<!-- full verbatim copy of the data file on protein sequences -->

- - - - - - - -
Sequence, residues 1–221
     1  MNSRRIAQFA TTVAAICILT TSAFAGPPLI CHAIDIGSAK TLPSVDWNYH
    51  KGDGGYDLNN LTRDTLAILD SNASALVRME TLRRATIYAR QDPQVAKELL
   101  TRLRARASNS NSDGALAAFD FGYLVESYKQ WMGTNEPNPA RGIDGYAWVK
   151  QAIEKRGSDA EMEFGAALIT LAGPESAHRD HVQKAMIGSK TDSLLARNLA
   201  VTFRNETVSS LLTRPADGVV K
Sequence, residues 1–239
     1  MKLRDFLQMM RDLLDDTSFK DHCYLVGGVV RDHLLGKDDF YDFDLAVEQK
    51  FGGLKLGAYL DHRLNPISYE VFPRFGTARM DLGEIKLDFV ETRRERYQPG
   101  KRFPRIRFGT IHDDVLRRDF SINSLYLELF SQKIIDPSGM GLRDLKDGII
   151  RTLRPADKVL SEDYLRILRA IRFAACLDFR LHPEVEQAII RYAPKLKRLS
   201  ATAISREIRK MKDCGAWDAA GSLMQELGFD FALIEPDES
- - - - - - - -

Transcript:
Sequence, residues 1–221
     1  MNSRRIAQFA TTVAAICILT TSAFAGPPLI CHAIDIGSAK TLPSVDWNYH
    51  KGDGGYDLNN LTRDTLAILD SNASALVRME TLRRATIYAR QDPQVAKELL
   101  TRLRARASNS NSDGALAAFD FGYLVESYKQ WMGTNEPNPA RGIDGYAWVK
   151  QAIEKRGSDA EMEFGAALIT LAGPESAHRD HVQKAMIGSK TDSLLARNLA
   201  VTFRNETVSS LLTRPADGVV K
Sequence, residues 1–239
     1  MKLRDFLQMM RDLLDDTSFK DHCYLVGGVV RDHLLGKDDF YDFDLAVEQK
    51  FGGLKLGAYL DHRLNPISYE VFPRFGTARM DLGEIKLDFV ETRRERYQPG
   101  KRFPRIRFGT IHDDVLRRDF SINSLYLELF SQKIIDPSGM GLRDLKDGII
   151  RTLRPADKVL SEDYLRILRA IRFAACLDFR LHPEVEQAII RYAPKLKRLS
   201  ATAISREIRK MKDCGAWDAA GSLMQELGFD FALIEPDES